Patients’ care and treatment was delivered in line with recognised best practice standards and guidelines. The practice met nationally recognised quality standards (the Quality and Outcomes Framework - QOF) for improving patient care and maintaining quality. For example, the management of patients with long term conditions and compared favourably with other practices in the area. Patient care was improved by the effective monitoring of treatment. Patients’ rights were protected with regards to the consent process. Patients' care was co-ordinated and managed by the practice to enable appropriate referrals to other healthcare providers. Patients had access to a range of health promotion information. 

Patients were generally positive about their care and treatment. This was supported by results from the 2014 GP National Patient Survey, which demonstrated 95% of respondents from the practice had confidence and trust in their GP. Patient privacy and confidentiality was not easily maintained in the practice waiting area. The practice was aware of the situation and had started to address the issue, for example: relocating a telephone and work station to a room away from patient areas. Patients were involved in treatment choices.

Patients were generally able to get an appointment when they needed it. Of the respondents who completed the 2014 GP National Patient Survey 98% said their last appointment was convenient for them. However, there were areas requiring change, for example: contacting the practice by telephone during peak periods involved long waiting times. Patients with mobility needs could not gain access to the practice without assistance. The main door was not automated and there was no doorbell to summon assistance. Patients with communication difficulties had access to help. Patients had access to the practice complaints procedure via the practice leaflet and in the practice waiting area.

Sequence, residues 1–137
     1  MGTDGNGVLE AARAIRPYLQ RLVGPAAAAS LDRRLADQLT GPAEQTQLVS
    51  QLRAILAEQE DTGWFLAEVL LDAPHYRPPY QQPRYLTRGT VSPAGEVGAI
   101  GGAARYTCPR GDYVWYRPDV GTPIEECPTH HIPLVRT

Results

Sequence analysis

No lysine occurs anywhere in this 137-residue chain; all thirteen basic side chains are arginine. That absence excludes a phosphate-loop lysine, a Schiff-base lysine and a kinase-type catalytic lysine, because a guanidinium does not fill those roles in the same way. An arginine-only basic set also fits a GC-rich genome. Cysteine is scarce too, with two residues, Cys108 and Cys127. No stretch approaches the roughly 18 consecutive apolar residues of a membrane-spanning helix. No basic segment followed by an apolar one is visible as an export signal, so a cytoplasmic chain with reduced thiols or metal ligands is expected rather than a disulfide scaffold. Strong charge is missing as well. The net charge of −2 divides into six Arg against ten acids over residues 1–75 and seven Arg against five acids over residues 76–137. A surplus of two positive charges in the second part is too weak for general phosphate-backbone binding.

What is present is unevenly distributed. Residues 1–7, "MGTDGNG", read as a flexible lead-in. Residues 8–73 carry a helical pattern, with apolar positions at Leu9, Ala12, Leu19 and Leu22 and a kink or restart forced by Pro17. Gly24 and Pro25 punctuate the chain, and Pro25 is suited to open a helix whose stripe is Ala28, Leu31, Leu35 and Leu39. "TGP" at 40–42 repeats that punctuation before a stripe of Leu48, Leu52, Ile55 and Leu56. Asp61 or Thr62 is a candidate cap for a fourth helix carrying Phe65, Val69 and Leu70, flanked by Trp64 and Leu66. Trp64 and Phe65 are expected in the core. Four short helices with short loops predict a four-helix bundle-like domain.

Patients were cared for by staff who were aware of their roles and responsibilities for managing risk and improving quality. Patients’ views on the service were listened to. The practice demonstrated a focus on learning. GPs and nurses were encouraged to update and develop their clinical knowledge and skills. The practice monitored significant events and used the learning to improve practice.

The practice supported older patients and patients with long term conditions by offering advice and support through specialist clinics, screening and evidence based information. The practice supported mothers, children and young people by working with other healthcare providers. The practice supported the working age population and those recently retired by offering a flexible appointment system. The practice supported patients in vulnerable circumstances by the early identification and protection of patients at risk. The practice supported patients experiencing poor mental health by regular monitoring of their treatment and support needs.

Please note that when referring to information throughout this report, this relates to the most recent information available to the Care quality Commission (CQC) at that time